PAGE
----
Hope that thiazolidinedione agonists of PPARγ (Peroxisome Proliferator Activated Receptor-γ) will prove beneficial for Alzheimer's patients (see ARF recent live discussion) may be tempered slightly by a report in this week's Mayo Clinic Proceedings.
Asra Kermani and Abhimanyu Garg, at the Department of Veterans Affairs Medical Center, Dallas, Texas, report that pioglitazone and rosiglitazone, which have been used for some time now to treat type II diabetes, can contribute to cardiac and renal failure. Kermani and Garg reviewed records of six elderly patients with symptoms of congestive heart failure and pulmonary edema, and who had just started treatment with, or had just had their dose of thiazolidinedione increased. Five of the patients had no prior history of congestive heart failure, though four of these had a history of poor kidney function. On admission to the center, all of the patients were placed on diuretics to reduce plasma volume and in five cases thiazolidinedione treatment was immediately stopped. Over the next three days to four weeks, these patients' symptoms disappeared. The sixth patient was also given diuretics but thiazolidinedione treatment continued. Thirteen months later, he returned with the same symptoms, was again given diuretics and this time the thiazolidinedione treatment was halted. The patient fully recovered after about 10 weeks.
This study builds on earlier reports that a small number of patients on troglitazone develop pulmonary edema as a result of fluid retention. This drug, which had been sold under the name Rezulin, was withdrawn from the market in March 2000 following FDA concerns about liver toxicity. Because the second generation of thiazolidinediones, including pioglitazone and rosiglitazone, were milder on the liver, it was hoped that they would have fewer, less serious side effects. In the present study, the six patients represent less than one percent of patients treated with the drugs at the Veterans Center. Nevertheless, the authors conclude that "thiazolidinediones can cause pulmonary edema or exacerbate heart failure," and recommend that "further study is needed to identify patient groups at risk of this complication."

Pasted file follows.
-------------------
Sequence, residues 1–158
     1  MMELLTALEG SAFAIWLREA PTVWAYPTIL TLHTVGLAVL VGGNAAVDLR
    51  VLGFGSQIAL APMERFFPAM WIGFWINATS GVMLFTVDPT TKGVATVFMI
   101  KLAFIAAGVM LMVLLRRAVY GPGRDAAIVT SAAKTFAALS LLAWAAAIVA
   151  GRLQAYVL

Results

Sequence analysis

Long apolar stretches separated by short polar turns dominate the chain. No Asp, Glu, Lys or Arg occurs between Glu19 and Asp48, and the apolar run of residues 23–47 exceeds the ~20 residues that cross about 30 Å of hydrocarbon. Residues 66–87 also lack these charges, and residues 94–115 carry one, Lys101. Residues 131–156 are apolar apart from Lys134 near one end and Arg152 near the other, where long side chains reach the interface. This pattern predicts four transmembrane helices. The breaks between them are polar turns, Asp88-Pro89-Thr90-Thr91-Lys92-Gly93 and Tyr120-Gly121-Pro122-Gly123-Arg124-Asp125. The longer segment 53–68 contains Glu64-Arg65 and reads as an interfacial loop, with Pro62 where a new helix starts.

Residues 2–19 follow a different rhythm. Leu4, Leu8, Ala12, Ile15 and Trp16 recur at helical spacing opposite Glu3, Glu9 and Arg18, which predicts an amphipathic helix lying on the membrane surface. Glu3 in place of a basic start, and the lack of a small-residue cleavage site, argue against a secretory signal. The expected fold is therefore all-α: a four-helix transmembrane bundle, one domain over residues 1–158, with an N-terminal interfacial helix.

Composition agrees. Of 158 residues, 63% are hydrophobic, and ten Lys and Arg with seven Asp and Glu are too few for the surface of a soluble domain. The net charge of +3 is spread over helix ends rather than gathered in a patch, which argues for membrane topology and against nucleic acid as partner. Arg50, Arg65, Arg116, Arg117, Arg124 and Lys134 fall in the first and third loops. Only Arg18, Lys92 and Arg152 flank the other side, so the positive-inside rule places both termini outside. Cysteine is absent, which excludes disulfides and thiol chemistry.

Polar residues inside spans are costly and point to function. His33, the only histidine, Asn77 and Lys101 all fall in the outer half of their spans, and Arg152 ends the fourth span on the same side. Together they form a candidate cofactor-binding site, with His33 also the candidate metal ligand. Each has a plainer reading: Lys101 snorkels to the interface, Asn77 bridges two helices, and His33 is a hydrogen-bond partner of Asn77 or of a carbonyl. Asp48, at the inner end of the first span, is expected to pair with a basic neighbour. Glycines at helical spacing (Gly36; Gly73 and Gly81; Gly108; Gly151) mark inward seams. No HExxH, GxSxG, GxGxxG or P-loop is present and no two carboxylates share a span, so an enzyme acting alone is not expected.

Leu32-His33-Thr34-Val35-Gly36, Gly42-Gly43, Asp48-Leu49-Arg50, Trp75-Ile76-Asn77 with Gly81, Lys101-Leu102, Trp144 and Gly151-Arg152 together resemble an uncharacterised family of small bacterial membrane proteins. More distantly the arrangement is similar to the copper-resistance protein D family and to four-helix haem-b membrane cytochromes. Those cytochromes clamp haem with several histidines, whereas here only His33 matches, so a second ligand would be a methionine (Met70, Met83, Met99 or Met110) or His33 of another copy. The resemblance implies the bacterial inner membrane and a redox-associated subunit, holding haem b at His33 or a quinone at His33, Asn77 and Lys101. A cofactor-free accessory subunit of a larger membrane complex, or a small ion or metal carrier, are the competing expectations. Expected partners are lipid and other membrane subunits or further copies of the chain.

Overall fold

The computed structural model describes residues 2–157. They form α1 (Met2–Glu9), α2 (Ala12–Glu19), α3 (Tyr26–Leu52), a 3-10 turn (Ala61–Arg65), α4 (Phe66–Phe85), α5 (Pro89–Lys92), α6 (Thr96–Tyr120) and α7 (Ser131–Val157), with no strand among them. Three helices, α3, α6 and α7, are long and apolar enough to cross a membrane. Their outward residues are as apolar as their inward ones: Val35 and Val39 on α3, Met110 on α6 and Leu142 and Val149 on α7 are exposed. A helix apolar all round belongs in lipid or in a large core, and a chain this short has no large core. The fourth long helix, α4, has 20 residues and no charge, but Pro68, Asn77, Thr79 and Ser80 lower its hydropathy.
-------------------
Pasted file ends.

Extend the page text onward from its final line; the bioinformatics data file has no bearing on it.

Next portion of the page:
Suzanne Craft, University of Washington, Seattle, who is currently directing clinical trials of pioglitazone and rosiglitazone in 30 AD patients (see ARF related news story) does not see this as a major setback. "It indicates some potential guidelines that will need to be followed," she ventured, adding that "chronic renal insufficiency or cardiomyopathy may be exclusionary conditions for prescribing these drugs." This suggests that only a small fraction of glitazone candidates would be denied potential benefits.
This study comes on the heels of a recent paper in Science by Ronald Evans and colleagues at the Salk Institute for Biological Studies, La Jolla, California, and the Brigham and Women's Hospital, Boston, Massachusetts, which showed the importance of another isoform of PPAR, namely PPARδ, in promoting the growth of atherosclerotic plaques.
First author Chih-Hao Lee and coworkers showed that deleting the PPARδ gene from foam cells-lipid-laden macrophages that advance atherosclerosis by promoting an inflammatory response-reduces atherosclerotic lesions by about 50 percent. This raises the possibility of using PPARδ inhibitors to regulate cardiovascular disease.—Tom Fagan
No Available Further Reading
- Kermani A, Garg A. Thiazolidinedione-associated congestive heart failure and pulmonary edema. Mayo Clin Proc. 2003 Sep;78(9):1088-91. PubMed.
- Lee CH, Chawla A, Urbiztondo N, Liao D, Boisvert WA, Evans RM, Curtiss LK. Transcriptional repression of atherogenic inflammation: modulation by PPARdelta. Science. 2003 Oct 17;302(5644):453-7. PubMed.